Shaun Levin

The Subject Matter that Is Your Life

In Writing, Writing Exercises on June 3, 2011 at 10:43 pm

Take stock. Make a list of all the things you have to write about. Keep a little notebook of these subjects, these moments, these memories, these experiences, these people. Make a list of all your cousins, the things you remember doing with them, things people told you about them. Make a list of all the jobs you’ve had, even if it was only for a few hours, that job you walked out of pretty much immediately. The job you’ve had for twenty years. Make a list of your aunts and uncles. All the houses you’ve lived in, the people you’ve lived with. Make a list of everyone you’ve had sex with, even if just for a few minutes, even if just the one. Make a list of all the celebrities you fancy. All the movies you love and would want to see again, and the books. Make a list of all the writers you’d like to be. To meet. To love. Make a list of all the things you know, and the things you know how to do. Realise that you carry around with you a vast resource, a bottomless treasure chest. You never have to worry about not having something to write about. The only thing you need to worry about is the voice that tells you what you should be writing about, and what you should be writing about, it says, is something that has nothing to do with your life. If you want to write fiction, the mean voice says, you have to go as far away as possible from your experience. Nonsense. That is the voice that doesn’t want you to tell the story that means the most to you, the story that will challenge you and offer the most surprises and satisfaction. Make a list of all the windows you’ve looked out of, all the cakes you’ve baked, and eaten, all the strangers you’ve spoken to on a train, even if it’s just one, write about her. All this is your resource for fiction, too. Write about yourself, write about what you know, write to discover what you don’t know in the things you think you know. Don’t ignore the subject matter that is your life.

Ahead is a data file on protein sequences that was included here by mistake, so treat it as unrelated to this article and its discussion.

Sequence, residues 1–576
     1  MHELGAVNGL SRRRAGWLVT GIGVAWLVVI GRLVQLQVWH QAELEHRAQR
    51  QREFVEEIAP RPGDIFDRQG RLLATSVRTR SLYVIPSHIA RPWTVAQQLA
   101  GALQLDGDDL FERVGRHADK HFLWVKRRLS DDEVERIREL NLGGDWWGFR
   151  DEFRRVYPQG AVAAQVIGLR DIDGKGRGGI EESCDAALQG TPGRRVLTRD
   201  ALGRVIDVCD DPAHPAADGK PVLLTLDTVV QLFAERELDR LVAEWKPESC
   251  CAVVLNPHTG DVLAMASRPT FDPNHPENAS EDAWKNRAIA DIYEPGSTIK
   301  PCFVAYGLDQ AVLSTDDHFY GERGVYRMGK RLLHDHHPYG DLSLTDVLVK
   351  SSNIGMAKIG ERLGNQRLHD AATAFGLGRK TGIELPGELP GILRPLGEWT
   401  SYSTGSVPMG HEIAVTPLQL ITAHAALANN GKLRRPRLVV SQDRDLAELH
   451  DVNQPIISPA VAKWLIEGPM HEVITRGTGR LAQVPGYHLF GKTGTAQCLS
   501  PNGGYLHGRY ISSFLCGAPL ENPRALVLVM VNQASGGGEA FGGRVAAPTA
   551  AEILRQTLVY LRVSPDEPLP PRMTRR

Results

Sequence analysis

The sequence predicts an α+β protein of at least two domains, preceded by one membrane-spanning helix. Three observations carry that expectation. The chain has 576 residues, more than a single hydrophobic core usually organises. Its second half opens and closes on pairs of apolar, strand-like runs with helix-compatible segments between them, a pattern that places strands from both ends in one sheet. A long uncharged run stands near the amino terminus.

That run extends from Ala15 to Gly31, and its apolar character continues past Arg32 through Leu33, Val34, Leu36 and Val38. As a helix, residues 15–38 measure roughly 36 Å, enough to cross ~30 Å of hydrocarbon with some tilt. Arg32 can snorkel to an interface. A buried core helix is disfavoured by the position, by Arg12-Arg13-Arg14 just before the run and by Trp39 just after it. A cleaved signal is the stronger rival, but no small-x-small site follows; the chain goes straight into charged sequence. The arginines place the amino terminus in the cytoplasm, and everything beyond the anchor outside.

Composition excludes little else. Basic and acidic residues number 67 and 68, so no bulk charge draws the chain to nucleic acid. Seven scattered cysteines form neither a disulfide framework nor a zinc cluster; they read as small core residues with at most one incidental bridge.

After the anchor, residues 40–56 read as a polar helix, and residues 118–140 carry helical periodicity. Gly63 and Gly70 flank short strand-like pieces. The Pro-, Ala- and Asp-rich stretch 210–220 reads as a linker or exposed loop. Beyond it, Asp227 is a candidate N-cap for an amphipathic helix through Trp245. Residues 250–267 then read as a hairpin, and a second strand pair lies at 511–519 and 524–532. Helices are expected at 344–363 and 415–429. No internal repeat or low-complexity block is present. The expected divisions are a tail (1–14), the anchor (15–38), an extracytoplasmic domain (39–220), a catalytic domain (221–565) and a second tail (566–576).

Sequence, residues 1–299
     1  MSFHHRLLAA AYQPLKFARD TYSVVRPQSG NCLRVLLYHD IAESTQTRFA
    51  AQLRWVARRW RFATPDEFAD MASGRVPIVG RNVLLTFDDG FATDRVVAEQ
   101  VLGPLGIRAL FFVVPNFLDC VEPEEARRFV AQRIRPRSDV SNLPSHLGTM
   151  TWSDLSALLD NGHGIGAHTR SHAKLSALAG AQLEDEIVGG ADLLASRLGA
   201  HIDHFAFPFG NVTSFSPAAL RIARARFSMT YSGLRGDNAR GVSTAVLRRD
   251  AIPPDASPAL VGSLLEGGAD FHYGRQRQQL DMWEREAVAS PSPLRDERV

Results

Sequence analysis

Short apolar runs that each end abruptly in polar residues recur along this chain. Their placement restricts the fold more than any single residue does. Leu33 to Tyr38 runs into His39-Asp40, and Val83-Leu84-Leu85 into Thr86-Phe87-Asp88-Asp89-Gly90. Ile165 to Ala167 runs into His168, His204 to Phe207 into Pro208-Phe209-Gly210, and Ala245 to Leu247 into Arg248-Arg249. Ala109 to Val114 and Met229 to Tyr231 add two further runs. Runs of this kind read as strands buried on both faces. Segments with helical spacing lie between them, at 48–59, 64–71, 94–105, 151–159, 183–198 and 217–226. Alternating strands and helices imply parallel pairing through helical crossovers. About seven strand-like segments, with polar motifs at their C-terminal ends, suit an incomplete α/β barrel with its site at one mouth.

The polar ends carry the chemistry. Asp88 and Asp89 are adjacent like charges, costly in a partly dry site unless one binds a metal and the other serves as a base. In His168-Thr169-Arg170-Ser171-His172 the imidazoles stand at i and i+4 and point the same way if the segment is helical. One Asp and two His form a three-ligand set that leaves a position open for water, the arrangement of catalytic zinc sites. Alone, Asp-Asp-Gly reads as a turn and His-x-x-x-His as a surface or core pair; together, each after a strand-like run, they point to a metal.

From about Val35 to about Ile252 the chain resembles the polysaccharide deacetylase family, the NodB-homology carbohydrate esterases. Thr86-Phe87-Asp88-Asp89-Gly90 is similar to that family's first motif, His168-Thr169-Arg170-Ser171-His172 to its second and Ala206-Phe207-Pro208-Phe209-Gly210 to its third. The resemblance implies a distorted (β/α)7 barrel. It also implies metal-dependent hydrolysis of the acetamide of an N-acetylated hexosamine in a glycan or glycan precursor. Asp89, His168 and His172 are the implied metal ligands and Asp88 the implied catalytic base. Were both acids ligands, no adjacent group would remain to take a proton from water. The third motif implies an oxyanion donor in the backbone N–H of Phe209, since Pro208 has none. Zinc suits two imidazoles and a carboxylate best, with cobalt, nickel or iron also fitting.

Fiction is make-believe, it’s pretending, it’s inventing characters and situations. Make a list of the places you’d like to go to. Research them and write about them as if you’ve been there. Make a list of the experiences you’ve never had and pick the ones that intrigue you, the ones you hope you’ll never have and the ones that you want to have and research them, interview people who’ve had them, then write about them as if they’re yours. Write about torture and intimate contentment and walking barefoot for miles and crossing oceans on sea-liners and surviving a war and famine and tea at the Ritz. You don’t have to go there to know there, though you will have to find a place in you that has been there, that has experienced something that is an echo of the experience you want to write about, no matter how much it might seem alien to your world. And that, too, is part of the soul work.

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